Respiratory Infections in Elders From Nursing Home Neglect

Respiratory Infections From Nursing Home Neglect

Respiratory Infections in the Nursing Home

Quick Answer

Pneumonia and lower respiratory tract infections are the leading cause of death in nursing home residents. Thirty-three out of every 1000 residents will become infected with pneumonia. Respiratory infections represent about one-third (⅓) of all nursing home infections.

Respiratory Infections Explained

Respiratory infections in nursing home residents can affect the nose, throat and lungs and often start out as minor illness and quickly become more severe.

In many cases, respiratory infections in nursing home residents are first diagnosed as conditions like:

  • Cold
  • Flu
  • Sinus infection
  • Bronchitis
  • Laryngitis

These conditions can develop into something more severe like pneumonia. If left untreated, they can lead to life-threatening illnesses.

Respiratory Infections Are Contagious

Nursing homes are a breeding zone for infection. Residents share common surfaces and spaces for dining and social activities. Additionally, lots of visitors, staff and suppliers come and go from nursing homes while the residents stay in the same shared space. This presents a perfect opportunity for an infection to spread rapidly.

There are multiple ways infections can spread in nursing homes. The frequency and variety of visitors to the nursing home is one (non-neglect). Another is how well the nursing home is maintained and cleaned regularly, especially during flu season (neglect).

Respiratory infections like pneumonia are difficult to diagnose early in the elderly because they don’t always present a fever at the onset of the infection. The best way to detect the infection is through an x-ray, which is not always available.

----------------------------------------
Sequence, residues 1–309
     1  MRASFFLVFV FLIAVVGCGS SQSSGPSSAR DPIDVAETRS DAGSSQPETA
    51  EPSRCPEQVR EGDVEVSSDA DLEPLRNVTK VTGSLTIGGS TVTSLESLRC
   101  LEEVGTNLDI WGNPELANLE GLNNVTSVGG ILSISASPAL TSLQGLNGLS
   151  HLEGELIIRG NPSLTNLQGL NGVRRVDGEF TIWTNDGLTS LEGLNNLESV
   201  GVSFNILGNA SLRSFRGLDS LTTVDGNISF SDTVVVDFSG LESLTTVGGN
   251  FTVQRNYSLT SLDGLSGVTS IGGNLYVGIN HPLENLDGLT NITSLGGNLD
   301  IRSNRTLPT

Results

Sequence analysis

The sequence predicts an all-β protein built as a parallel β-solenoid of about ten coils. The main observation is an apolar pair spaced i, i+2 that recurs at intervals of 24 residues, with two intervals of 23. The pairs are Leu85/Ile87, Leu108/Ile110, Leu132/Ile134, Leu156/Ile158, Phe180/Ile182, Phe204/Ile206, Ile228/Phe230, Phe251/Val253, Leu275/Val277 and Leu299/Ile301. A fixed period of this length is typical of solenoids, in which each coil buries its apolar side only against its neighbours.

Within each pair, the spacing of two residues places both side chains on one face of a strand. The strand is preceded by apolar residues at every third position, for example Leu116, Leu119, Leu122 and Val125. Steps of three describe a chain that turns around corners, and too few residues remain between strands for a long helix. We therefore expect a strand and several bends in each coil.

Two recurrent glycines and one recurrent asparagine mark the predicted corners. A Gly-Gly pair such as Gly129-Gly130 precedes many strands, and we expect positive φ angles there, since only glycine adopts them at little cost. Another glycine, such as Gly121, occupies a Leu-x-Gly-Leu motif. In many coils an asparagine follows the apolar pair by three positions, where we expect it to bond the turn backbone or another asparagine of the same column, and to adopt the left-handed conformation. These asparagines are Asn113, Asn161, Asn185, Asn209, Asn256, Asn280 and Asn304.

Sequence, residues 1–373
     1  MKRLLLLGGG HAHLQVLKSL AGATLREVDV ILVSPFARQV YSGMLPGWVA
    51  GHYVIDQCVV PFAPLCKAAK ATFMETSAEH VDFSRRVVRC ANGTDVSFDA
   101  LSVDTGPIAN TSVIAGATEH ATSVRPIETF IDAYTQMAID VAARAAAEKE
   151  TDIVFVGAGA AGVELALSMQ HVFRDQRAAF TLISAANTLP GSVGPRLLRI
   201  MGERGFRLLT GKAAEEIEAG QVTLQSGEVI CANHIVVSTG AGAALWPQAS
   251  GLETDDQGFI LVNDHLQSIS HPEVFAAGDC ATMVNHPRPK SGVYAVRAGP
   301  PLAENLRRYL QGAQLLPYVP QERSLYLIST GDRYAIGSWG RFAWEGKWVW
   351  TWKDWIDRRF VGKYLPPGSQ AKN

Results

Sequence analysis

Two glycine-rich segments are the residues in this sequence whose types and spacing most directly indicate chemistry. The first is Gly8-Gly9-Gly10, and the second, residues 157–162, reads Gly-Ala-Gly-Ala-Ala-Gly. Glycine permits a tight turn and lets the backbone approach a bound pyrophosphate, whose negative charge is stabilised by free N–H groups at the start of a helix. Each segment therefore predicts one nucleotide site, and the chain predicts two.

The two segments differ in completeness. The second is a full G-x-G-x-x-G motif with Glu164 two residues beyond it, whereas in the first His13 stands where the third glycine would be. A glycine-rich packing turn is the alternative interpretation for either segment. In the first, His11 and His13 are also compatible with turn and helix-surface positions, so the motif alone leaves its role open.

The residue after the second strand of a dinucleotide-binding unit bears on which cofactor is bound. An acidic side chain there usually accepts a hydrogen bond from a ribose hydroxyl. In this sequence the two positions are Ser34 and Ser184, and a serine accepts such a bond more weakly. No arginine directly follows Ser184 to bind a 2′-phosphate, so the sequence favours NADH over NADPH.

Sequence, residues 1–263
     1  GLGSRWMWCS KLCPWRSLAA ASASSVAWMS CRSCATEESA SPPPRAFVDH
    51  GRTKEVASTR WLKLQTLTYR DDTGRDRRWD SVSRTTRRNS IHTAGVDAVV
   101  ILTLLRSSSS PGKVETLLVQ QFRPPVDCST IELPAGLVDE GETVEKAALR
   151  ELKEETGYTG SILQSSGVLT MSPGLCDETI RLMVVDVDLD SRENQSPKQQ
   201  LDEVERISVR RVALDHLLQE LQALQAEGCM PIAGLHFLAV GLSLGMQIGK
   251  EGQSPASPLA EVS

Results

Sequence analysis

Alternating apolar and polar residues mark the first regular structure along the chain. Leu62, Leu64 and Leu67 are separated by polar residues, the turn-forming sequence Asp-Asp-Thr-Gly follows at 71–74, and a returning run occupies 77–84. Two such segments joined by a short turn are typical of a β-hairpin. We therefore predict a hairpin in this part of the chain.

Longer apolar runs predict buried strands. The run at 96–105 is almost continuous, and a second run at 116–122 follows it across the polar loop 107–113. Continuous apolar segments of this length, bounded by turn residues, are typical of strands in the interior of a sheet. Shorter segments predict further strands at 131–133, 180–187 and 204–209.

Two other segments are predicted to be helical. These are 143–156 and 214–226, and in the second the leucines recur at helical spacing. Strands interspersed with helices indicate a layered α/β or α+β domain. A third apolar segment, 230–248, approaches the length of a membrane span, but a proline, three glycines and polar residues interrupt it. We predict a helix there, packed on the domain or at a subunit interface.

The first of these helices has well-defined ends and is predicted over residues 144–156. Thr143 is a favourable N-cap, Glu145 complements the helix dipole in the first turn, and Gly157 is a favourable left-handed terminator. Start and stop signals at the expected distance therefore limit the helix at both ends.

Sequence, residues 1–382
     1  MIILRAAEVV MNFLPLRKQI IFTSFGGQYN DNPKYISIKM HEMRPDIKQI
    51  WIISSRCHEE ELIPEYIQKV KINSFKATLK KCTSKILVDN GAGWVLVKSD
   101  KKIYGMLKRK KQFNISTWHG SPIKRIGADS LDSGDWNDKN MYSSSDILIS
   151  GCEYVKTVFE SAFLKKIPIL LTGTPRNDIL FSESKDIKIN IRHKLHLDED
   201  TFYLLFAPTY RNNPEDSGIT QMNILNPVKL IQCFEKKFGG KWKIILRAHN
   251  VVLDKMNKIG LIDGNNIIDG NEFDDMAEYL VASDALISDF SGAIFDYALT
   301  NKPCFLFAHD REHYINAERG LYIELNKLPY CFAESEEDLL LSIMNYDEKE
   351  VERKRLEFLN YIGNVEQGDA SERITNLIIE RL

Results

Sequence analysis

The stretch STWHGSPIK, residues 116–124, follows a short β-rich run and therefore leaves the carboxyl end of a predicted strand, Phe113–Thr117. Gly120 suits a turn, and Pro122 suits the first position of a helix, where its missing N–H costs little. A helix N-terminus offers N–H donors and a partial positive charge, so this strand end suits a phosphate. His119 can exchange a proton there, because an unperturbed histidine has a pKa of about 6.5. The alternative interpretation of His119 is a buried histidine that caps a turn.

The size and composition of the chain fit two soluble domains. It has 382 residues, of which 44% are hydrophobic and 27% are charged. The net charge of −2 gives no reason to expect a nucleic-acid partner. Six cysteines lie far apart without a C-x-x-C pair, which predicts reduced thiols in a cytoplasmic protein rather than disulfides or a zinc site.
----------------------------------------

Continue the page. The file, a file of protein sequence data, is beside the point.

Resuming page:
Common Respiratory Infection Causes

Respiratory infections have multiple possible causes and can be passed between residents, nonresidents, staff or visitors. The following factors put nursing home residents at risk of developing respiratory infections.


When a respiratory infection comes from residents, it’s often from tuberculosis—a highly contagious bacterial infection. Fifty-seven percent of tuberculosis deaths globally were people over the age of 50. More than half of those deaths were people over 65. Patients with diabetes are at triple the risk for tuberculosis.

Reactivation of tuberculosis in the elderly is common and this occurs when old tuberculosis lesions become active again.

Infections Pass Between Visitors, Staff and Residents

Respiratory infections in nursing home residents are frequent because of nonresident visitors or staff. Many nursing home residents receive visitors, who may carry contagious bacteria and viruses that get passed on to residents. Doctors and staff working with other patients and hospitals can easily transmit infections as well.

The correlation between nursing home staff and patients that contract respiratory infections is high. Staff in nursing homes often work with multiple patients and move from room to room, making it easy to transmit germs from patient to patient.

Respiratory infection frequency drops drastically the more patients and staff receive their flu shot.

Shared Surfaces and Spaces

Respiratory infections spread through large respiratory droplets, direct or indirect contact and airborne droplet nuclei. The most common way the infection spreads is through human to human contact. If staff members have not been properly trained in hygiene practices, they can directly contribute to an outbreak. When simple protocols like washing hands are not followed by staff, non-staff and visitors, the infection can spread rapidly.

Common Respiratory Infections Among Residents

Different types of respiratory infections are caused by different bacteria or viruses. The most common respiratory infections are caused by:

  • Influenza viruses
  • Mycobacterium tuberculosis
  • Pneumococci
  • Respiratory syncytial virus (RSV)
  • Parainfluenza virus
  • C. pneumonia